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Suspended License Information for Ohio

While some motorists regard driving as a basic right, the fact is that operating a motor vehicle is a privilege that must be earned and maintained by demonstrating safe and lawful driving. Under certain circumstances, an individual's Ohio driver's license may be suspended or revoked for a specific length of time, depending on the person's driving record or history, and the particular violation(s).


There are a variety of reasons why your Ohio driver's license might be suspended. Some of these are related to specific driving violations, while others may be due to violation of other State laws. Following are some of the most common reasons for an Ohio driver's license to be suspended or revoked.

  • Driving Under the Influence. If you drive with a blood alcohol content (BAC) of 0.08% you are considered to be legally drunk. Your Ohio driver's license will be suspended if you are found guilty of driving under the influence of alcohol or drugs. If you fail a breath test, you will be subject to an Administrative License Suspension (ALS), which means you will lose your right to drive for a period of between 90 days and five years, depending on your driving record. Your license will be confiscated on the spot. You may also face further punishment in court.
  • Refusal to take a breath or urine test. For refusing to take a breath or urine test when requested, your license will be suspended for between one year and five years. You will still need to take the test and face further punishment depending on the result.
  • Excessive Moving Violations. Like most other States, Ohio operates a point system, in which drivers accumulate points on their license for every moving violation that they commit. If you accumulate 12 or more points in a two year period, your license will be suspended for six months. Following suspension, you will need to retake the driving test after taking a remedial driving course.
  • Driving while suspended. If you are caught driving while your license is suspended, you are guilty of a first degree misdemeanor and will face a possible $1,000 fine and six months in jail. You may also be suspended for another year.
  • Driving without insurance. Your license will be suspended if you drive without insurance or cause an accident while uninsured.
  • Physical or Psychological Disqualification. The BMV can order a re-examination of any person who may not be fit to drive. An individual's driving privileges may be suspended if the re-examination finds they are physically or psychologically unable to drive safely.
  • Non-driving related offenses. Your Ohio driver license can also be suspended for a number of non-driving related offenses, such as bringing a weapon onto school property, failure to appear in court on bond and having unsatisfied civil judgments, not responding to a BMV notice or not appearing in court; failing to pay traffic tickets, fines or surcharges; and not paying child support.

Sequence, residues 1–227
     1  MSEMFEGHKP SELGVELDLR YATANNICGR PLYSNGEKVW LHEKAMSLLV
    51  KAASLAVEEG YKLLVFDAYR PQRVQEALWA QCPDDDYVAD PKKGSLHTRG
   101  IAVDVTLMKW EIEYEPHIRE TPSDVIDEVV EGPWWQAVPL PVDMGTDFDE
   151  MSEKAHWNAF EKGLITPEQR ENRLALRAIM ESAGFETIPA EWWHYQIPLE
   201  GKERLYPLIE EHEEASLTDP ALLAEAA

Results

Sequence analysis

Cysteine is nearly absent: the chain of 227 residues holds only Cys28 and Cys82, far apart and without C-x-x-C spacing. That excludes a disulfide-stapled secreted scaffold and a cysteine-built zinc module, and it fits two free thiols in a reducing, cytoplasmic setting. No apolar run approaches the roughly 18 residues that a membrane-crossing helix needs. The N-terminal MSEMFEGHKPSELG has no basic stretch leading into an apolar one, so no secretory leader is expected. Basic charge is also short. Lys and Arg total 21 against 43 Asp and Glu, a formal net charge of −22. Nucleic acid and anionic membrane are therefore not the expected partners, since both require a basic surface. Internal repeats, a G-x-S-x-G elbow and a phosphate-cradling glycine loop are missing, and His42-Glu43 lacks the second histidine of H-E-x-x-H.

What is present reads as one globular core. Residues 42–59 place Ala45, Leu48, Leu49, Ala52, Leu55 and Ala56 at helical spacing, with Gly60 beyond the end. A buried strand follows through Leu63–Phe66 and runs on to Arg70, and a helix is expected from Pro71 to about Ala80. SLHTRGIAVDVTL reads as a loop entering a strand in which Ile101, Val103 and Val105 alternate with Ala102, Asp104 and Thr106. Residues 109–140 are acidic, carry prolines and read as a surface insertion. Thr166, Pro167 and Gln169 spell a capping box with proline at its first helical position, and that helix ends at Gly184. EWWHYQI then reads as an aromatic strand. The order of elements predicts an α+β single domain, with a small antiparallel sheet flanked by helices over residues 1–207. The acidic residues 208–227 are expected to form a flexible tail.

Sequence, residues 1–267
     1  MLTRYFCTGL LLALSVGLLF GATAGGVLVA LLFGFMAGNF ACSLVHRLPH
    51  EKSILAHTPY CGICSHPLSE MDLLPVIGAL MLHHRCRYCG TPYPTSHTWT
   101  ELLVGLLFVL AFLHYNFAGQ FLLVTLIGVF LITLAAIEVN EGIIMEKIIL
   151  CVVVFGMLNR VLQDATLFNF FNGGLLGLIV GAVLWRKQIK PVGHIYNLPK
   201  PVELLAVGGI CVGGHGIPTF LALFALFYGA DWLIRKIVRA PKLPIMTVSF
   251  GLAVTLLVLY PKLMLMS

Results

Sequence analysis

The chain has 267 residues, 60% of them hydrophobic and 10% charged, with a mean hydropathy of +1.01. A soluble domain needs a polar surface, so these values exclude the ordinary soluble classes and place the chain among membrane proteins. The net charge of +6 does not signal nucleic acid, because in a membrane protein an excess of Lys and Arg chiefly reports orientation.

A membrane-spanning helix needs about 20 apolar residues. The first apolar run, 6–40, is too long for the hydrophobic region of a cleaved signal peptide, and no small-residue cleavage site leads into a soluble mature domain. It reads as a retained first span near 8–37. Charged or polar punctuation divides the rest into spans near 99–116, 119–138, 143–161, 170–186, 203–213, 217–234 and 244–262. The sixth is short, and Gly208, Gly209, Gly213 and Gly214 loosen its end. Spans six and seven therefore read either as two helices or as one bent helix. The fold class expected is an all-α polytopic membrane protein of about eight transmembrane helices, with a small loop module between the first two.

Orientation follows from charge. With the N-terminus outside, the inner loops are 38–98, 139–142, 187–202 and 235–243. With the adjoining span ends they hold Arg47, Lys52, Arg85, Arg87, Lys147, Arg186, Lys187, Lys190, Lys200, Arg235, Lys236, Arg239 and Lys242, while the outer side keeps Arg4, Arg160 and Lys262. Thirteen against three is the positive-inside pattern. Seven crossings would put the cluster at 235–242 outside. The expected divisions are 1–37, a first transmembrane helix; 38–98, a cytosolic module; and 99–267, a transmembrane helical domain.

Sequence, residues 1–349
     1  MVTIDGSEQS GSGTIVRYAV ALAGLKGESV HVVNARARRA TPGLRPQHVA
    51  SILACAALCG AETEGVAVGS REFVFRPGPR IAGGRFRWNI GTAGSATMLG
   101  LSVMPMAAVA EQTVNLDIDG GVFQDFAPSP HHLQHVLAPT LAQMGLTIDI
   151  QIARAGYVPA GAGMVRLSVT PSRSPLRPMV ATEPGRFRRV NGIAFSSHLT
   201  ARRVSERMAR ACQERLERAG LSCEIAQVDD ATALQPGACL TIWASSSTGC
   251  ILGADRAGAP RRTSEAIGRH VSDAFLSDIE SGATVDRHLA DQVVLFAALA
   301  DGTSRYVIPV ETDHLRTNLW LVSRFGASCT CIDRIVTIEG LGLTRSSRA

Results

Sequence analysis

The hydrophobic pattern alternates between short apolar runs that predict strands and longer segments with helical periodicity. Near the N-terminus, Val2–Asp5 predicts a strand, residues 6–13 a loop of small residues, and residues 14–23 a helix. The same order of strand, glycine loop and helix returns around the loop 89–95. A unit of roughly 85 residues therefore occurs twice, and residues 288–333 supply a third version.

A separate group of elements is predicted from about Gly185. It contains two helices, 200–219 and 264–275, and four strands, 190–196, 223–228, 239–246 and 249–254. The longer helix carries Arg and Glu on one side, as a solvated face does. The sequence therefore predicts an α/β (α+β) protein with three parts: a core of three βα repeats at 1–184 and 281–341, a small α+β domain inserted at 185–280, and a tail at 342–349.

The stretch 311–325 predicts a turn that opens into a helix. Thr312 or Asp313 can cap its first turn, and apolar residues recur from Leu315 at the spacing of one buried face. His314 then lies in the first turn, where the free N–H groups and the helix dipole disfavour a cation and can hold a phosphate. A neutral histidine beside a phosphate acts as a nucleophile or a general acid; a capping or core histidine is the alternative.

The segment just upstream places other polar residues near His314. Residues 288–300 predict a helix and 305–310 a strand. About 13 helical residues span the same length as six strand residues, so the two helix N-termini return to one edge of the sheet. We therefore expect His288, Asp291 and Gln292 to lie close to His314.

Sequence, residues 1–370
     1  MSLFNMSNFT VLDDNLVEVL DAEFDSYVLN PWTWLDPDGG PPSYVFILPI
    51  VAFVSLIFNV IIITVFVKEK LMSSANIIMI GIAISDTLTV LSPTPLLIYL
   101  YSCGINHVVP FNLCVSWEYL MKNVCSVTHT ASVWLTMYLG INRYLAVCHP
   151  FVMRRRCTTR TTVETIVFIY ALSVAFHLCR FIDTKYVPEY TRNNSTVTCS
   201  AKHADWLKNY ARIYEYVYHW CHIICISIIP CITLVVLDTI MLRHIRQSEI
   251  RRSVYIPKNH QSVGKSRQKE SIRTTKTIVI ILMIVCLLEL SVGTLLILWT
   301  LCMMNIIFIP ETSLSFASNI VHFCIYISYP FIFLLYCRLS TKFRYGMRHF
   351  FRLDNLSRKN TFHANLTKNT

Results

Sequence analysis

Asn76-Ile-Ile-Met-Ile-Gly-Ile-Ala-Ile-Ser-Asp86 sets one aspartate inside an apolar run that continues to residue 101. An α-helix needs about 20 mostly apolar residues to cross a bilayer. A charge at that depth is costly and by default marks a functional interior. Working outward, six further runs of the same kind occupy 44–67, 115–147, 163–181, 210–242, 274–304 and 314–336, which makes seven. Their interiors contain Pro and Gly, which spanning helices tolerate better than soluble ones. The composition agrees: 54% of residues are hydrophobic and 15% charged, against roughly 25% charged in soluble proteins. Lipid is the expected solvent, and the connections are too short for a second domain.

Having your Ohio driver's license suspended is a serious matter and it is essential to adhere to state law in the event that your license is suspended. Depending on the reason for your license suspension, you may be eligible to apply for limited driving privileges in a municipal, county or mayor's court to enable you to drive to and from work or school.
If you believe your license may be suspended due to one of the reasons listed above it is advisable to speak with a traffic ticket lawyer or a DUI-DWI lawyer.


If you refuse to take a BAC test, or are above the legal limit, you may appeal within five days of the arrest. But you need to prove that either the arresting officer did not have reasonable grounds for requesting a test, or the officer did not request that you take the test, or the officer did not advise you of the consequences of failing or not taking the test or you maintain that you did not refuse or fail the test. You may also request that a qualified person of your choosing give you the test again - but this must be done within two hours of the arrest.
If you receive a Notice of Scheduled Suspension from the BMV, and you wish to challenge the suspension, you may request a hearing in court. An administrative law judge will hear your case, and determine whether your driver's license should be suspended or not. In addition, drivers whose license may be suspended due to accumulating excessive points may be eligible to enroll in a Driver Improvement Program. Completing a Driver Improvement Program removes two points from the current driving record if you have 2-11 points, and in some cases can enable an individual to avoid having his license suspended.
It is also a good idea to seek the advice of a traffic ticket lawyer or a DUI-DWI lawyer, based on the reason for the suspension.


You will need to show Proof of Identity when reinstating your license, which you can do in person at one of the Ohio Bureau of Motor Vehicles authorized offices. Depending on the type of the violation, you also need to complete all action ordered by the court and present proof of insurance at the end of the suspension period.
Reinstatement fees vary depending on the reason for suspension - full list of the reinstatement fees is available here.


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